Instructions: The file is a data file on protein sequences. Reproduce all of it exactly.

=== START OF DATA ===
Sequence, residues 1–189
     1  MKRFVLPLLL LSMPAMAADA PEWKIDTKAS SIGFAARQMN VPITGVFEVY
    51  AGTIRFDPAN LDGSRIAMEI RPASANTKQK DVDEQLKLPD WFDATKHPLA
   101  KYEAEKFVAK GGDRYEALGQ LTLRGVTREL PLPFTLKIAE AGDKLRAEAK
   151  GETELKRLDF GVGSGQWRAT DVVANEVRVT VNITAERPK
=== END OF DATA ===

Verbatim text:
Sequence, residues 1–189
     1  MKRFVLPLLL LSMPAMAADA PEWKIDTKAS SIGFAARQMN VPITGVFEVY
    51  AGTIRFDPAN LDGSRIAMEI RPASANTKQK DVDEQLKLPD WFDATKHPLA
   101  KYEAEKFVAK GGDRYEALGQ LTLRGVTREL PLPFTLKIAE AGDKLRAEAK
   151  GETELKRLDF GVGSGQWRAT DVVANEVRVT VNITAERPK